A bill that would have used no taxpayer money to study the economic impact of a renewable energy feed-in tariff was killed by Colorado House Republicans
In what a friend in attendance called a "no-brainer" in an email to me on Wednesday, the Colorado House Committee on Agriculture, Livestock, & Natural Resources voted to indefinitely postpone House Bill 1228, a bill that would have explored the economic impact of distributed generation of renewable energy in the state. The real "no-brainer" part of the decision is that the study would have been entirely funded by donations, gifts and grants from interested parties.
"We had real strong testimony today, but unfortunately the bill just got killed by the republicans," wrote my friend, who preferred to remain anonymous, in a hastily-penned email after Wednesday hearing. "It was a no-brainer," he continued, "It appears that all legislators are voting party line these days. The lobbyists are getting to them more than ever. It appears that big business rules, and the people are considered last."
Introduced by State Senator Gail Schwartz (D-5) and Representatives Edward Vigil (D-62) and Tom Massey (R-60), the bill, officially known as HB 11-1228 (pdf), would have commission a study by an independent entity funded entirely by outside money to look at the value of distributed renewable energy generation. In particular, and what may have seeded the bill's demise, the study would have looked at the impact of a feed-in tariff (FiT) on economic growth, cost to utilities and ratepayers, and benefits to farmers, ranchers and retirees.
A feed-in tariff requires utilities to pay a fixed, above-market rate to any party that puts electricity generated by renewable sources back on the grid, thus incentivizing distributed renewable energy generation of all shapes and sizes, and encouraging homeowners, farmers and businesses to invest in small to medium-scale renewable energy development.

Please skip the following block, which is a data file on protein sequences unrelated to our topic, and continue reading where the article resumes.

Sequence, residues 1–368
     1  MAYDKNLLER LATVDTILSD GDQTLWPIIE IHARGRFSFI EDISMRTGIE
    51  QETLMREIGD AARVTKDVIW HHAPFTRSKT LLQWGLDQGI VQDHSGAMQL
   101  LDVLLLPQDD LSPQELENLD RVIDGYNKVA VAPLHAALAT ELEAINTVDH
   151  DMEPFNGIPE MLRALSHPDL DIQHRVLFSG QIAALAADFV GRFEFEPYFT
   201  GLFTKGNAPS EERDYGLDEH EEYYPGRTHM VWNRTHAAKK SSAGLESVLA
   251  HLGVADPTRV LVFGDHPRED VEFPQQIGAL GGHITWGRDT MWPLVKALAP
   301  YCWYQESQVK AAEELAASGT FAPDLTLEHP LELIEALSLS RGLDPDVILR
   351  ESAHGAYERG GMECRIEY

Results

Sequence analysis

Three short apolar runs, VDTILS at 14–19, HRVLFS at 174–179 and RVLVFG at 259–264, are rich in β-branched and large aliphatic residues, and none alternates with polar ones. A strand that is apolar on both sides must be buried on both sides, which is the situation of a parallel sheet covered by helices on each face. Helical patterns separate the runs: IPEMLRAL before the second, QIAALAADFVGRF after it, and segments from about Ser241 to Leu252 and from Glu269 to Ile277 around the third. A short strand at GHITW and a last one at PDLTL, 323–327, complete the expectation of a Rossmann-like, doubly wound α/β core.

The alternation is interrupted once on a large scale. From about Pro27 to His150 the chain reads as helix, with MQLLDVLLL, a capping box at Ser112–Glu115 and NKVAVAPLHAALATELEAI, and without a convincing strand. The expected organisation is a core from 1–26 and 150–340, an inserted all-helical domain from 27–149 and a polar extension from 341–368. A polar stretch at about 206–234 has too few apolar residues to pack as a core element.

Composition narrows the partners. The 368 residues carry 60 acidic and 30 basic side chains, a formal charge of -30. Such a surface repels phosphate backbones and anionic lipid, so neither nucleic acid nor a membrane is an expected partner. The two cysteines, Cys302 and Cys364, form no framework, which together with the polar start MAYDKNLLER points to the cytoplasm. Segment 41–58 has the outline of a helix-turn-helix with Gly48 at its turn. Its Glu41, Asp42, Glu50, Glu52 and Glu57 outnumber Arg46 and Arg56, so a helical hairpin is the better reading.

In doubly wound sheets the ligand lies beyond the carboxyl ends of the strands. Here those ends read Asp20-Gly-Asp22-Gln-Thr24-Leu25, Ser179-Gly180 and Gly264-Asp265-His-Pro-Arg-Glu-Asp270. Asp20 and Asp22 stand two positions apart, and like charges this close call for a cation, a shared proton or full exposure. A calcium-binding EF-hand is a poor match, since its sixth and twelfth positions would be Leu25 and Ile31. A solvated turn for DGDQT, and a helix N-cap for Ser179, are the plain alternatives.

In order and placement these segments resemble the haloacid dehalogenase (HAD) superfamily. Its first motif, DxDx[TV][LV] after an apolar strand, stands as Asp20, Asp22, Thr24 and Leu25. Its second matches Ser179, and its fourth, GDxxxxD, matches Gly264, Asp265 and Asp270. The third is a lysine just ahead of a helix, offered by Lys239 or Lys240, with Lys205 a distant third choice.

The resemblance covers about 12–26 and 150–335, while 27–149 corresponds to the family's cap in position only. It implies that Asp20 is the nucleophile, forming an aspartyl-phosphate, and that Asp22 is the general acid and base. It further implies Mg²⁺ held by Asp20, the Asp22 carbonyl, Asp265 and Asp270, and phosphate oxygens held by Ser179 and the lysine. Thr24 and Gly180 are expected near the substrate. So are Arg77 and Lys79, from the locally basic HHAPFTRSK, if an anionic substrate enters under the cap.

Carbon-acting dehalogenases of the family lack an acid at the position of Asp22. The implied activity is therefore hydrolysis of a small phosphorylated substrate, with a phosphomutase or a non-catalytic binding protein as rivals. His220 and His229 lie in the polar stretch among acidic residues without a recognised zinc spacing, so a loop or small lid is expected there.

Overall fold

But even though the bill would have cost nothing to taxpayers and its supporters steered clear of the loaded and misunderstood language of a "feed-in tariff", preferring instead to use the alternative, "Clean Local Energy Accessible Now" (CLEAN), to describe the policy, Colorado House Republicans sided in favor of entrenched electric utility and co-op interests to put a rest to any talk of distributed generation.
Although they didn't mount much of a public campaign opposing the measure, the state's largest utility, Xcel Energy, has come out in opposition to feed-in tariffs, by any name, in the past, as was pointed out in a recent piece at Renewable Energy World. The article cites an Xcel Energy representative at a 2009 renewable energy conference in Minneapolis as saying, "the honest truth is we earn our returns by building plants and putting them into rate base and making profits on them." A feed-in tariff, the Xcel representative continued, "takes away that opportunity of utilities to earn on their investments."
Whether the feed-in tariff, which was single-handedly responsible for making Germany the world's leader in installed solar photovoltaic capacity, will ever take hold in the U.S. is still a matter of debate. Policy diffusion takes time, and there is a period of softening and learning that must occur before an idea like this can take root and gather support. And though this state-level study was defeated yesterday, my gut tells me this won't be the last we've heard about a FiT, CLEAN, or whatever you want to call it, in the state of Colorado.
Because if any state is ripe for small to medium-scale distributed renewable energy generation, it is this purple state with its vast solar, wind and biogas resources that are just waiting to be tapped.